"That's rather a lot to hang your hopes on." Miss Moore says. Ann sniffles. Fat teardrops fall into her tea.

"Come now." Miss Moore says, patting her hand. "There is time. What shall we do to cheer you? Would you like to tell me more of your story about all the lovely things you do in the realms?"

"I'm beautiful there," Ann says, voice thick with the ache of tears held back.

"Very beautiful," I say. "Tell her how we frightened away the water nymphs!"

A smile flickers across Ann's lips for a moment. "We did show them, didn't we?"

Miss Moore pretends to be put out. "Now then, don't keep me in suspense. Tell me about the water nymphs."

As we tell her the tale in great description, Miss Moore listens intently. "Ah, I see you've been reading after all. That is consistent with the ancient Greek tales of nymphs and sirens, who led sailors to their deaths with their song. And have you had success in finding your temple, was it?" "Not yet. But we visited the Golden Dawn, a bookseller's near Bond Street, and found a book on secret societies by a Miss Wilhelmina "Yatt,"Ann says.

"The Golden Dawn . . . ," Miss Moore says, taking a bit of her cake."I don't believe I know it."

"Miss McCleethy had an advert for it in her suitcase," Ann blurts out."Gemma saw it there."

Miss Moore raises an eyebrow.

"It was open," I say, blushing."I could not help seeing it."

"We saw Miss McCleethy there at the shop. She asked for the book, so we did as well. It has knowledge about the Order!" Felicity says.

"Did you know the Order used anagrams to conceal their true identities when needed?" I ask.

Miss Moore pours tea for us."Is that so?"

Ann jumps in. "Yes, and when we did an anagram for Miss McCleethy, it spelled out They Call Me Circe, That proves it."

"Proves what?" Miss Moore asks, spilling a bit of tea that she must sop up with her napkin.

"That Miss McCleethy is Circe, of course. And she's come back to Spence for some diabolical purpose," Felicity explains.

"Would that be the teaching of drawing or Latin?" Miss Moore asks with a wry smile.

"It is a serious matter, Miss Moore," Felicity insists.

Miss Moore leans in with a solemn face. "So is accusing someone of witchcraft for visiting a bookseller's."

Properly chastised, we drink our tea.

"We followed her," Ann says quietly."She went to Bedlam, to where Nell Hawkins lives." Miss Moore stops midsip."Nell Hawkins. Who is she?"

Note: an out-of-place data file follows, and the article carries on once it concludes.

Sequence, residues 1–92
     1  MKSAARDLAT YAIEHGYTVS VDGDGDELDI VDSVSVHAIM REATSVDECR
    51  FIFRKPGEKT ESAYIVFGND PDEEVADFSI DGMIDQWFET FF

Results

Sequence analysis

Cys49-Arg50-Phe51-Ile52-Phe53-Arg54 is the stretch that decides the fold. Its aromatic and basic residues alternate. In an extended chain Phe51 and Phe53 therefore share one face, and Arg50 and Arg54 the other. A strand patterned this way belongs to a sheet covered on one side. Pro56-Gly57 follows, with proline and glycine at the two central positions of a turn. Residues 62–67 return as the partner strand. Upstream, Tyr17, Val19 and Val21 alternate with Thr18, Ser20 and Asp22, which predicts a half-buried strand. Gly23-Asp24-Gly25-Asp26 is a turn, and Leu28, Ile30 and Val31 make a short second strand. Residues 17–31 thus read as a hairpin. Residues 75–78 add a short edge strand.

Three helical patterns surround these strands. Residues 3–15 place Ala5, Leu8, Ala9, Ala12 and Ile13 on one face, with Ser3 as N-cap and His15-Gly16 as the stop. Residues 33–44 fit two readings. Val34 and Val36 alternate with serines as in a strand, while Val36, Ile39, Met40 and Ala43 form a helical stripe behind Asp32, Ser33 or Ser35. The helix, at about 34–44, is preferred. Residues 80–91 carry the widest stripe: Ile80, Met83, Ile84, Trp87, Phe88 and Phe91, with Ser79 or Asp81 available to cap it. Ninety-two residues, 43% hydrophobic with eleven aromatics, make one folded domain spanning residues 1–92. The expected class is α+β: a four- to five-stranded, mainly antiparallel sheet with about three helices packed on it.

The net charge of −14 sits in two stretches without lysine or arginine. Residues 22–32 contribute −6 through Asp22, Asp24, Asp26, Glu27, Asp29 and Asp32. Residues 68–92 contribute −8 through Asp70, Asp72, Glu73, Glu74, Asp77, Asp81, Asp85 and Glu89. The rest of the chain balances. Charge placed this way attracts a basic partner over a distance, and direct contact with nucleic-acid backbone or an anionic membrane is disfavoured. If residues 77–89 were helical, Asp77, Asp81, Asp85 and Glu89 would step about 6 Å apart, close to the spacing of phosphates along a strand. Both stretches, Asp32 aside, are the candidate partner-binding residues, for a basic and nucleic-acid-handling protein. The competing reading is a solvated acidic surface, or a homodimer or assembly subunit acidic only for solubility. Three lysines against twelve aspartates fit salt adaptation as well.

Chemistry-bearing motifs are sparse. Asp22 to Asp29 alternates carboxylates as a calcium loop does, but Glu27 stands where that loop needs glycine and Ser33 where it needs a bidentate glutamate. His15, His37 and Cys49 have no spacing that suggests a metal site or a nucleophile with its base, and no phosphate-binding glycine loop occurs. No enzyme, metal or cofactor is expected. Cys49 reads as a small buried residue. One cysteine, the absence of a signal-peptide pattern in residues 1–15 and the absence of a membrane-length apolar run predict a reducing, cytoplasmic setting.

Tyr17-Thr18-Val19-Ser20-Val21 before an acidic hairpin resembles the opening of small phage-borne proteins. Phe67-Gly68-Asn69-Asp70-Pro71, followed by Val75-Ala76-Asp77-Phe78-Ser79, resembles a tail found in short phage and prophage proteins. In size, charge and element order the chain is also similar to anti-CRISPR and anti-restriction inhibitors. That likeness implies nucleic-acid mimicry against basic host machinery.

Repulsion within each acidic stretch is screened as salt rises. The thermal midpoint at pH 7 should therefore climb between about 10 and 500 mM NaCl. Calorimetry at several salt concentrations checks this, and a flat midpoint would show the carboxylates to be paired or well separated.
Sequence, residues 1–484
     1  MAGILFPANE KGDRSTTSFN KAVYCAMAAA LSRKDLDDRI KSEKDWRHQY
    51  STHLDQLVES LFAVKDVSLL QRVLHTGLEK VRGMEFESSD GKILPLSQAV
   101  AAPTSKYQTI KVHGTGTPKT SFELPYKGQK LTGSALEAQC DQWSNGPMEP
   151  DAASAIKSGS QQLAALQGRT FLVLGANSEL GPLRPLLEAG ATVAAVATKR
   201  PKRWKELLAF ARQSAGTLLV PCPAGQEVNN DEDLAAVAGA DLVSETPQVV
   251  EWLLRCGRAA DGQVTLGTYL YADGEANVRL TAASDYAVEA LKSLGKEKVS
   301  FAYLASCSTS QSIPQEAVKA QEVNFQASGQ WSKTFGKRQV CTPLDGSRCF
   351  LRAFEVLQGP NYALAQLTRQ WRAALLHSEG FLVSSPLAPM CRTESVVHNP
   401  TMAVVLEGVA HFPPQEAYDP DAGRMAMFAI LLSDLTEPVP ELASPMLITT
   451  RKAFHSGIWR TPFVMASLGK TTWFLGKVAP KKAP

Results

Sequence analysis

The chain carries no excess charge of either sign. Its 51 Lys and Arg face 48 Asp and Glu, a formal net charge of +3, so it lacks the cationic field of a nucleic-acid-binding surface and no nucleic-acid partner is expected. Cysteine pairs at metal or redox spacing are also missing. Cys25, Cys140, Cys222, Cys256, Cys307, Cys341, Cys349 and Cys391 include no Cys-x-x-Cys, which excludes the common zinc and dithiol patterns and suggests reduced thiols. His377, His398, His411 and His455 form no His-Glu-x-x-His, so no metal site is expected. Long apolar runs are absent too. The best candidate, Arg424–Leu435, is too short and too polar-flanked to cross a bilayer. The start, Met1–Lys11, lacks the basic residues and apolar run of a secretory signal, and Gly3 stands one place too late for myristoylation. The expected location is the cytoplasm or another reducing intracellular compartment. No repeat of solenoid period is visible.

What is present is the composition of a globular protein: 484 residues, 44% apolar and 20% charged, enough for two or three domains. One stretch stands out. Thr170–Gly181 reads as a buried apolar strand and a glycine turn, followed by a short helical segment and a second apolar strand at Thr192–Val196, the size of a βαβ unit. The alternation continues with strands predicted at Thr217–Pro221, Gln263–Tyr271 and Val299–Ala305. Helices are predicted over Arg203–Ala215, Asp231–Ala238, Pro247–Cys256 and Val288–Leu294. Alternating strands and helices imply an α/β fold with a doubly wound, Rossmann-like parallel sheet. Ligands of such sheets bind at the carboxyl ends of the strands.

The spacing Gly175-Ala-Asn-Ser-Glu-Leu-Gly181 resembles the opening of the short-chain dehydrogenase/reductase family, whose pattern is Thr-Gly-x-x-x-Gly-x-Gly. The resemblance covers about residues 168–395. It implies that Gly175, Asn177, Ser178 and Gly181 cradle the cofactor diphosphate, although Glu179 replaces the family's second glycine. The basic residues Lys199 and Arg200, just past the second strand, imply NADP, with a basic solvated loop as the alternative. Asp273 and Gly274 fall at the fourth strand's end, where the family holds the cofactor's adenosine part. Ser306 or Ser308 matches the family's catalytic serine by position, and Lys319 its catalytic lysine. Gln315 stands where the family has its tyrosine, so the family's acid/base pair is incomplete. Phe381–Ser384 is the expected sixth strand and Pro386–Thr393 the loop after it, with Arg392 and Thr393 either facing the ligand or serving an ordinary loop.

"She's a girl who believes in the Order. She says that Circe is trying to get to her. That's why she went mad," Ann says with relish. She really does have a taste for the macabre.

"My brother, Tom, is a clinical assistant at Bethlem. Nell Hawkins is a patient there," I explain.

"Interesting. And you've spoken with this person?"

"Yes," I say.

"Did she tell you she was acquainted with Miss McCleethy?"

"No," I answer, somewhat embarrassed."She is mad, and it is difficult to decipher her ramblings. But she was at Saint Victoria's

School for Girls when this terrible misfortune befell her, and we've reason to believe that Miss McCleethy was in their employ at the same time."

"That is curious." Miss Moore says, pouring milk into her tea till the liquid turns a cloudy beige."Do you know that for a fact?"

"No," I admit. "But I've sent an enquiry to their headmistress. I expect to know shortly."

"Then you know nothing, really," Miss Moore says, smoothing her napkin in her lap. "Until you do, I would advise you to be careful with your accusations. They can have unforeseen repercussions."

We look at each other guiltily."Yes, Miss Moore."

"Ann, what have you done there?" she asks.

Ann's been scribbling on a piece of paper. She tries to cover it with her hand."N-nothing."

That's all it takes for Felicity to pull it away.

"Give that back!" Ann whines, trying unsuccessfully to grab it.

Felicity reads aloud. "Hester Moore, Room She Reet." "It is an anagram of your name. Not a very good one," Ann says hotly."Fee, if you please!"

Felicity reads on, undaunted. "O, Set Her More. Set More Hero." Felicity's eyes flash. A feral grin appears. "Er Tom? Eros He,"

It doesn't matter that it makes no sense. It is that Tom and Eros have been combined in the same sentence that has humiliated Ann to no end. She snatches it back. Others in the tearoom have noted our childish behavior, and I'm terribly embarrassed that our visit has ended on such a note. Miss Moore will probably never invite us on an outing again.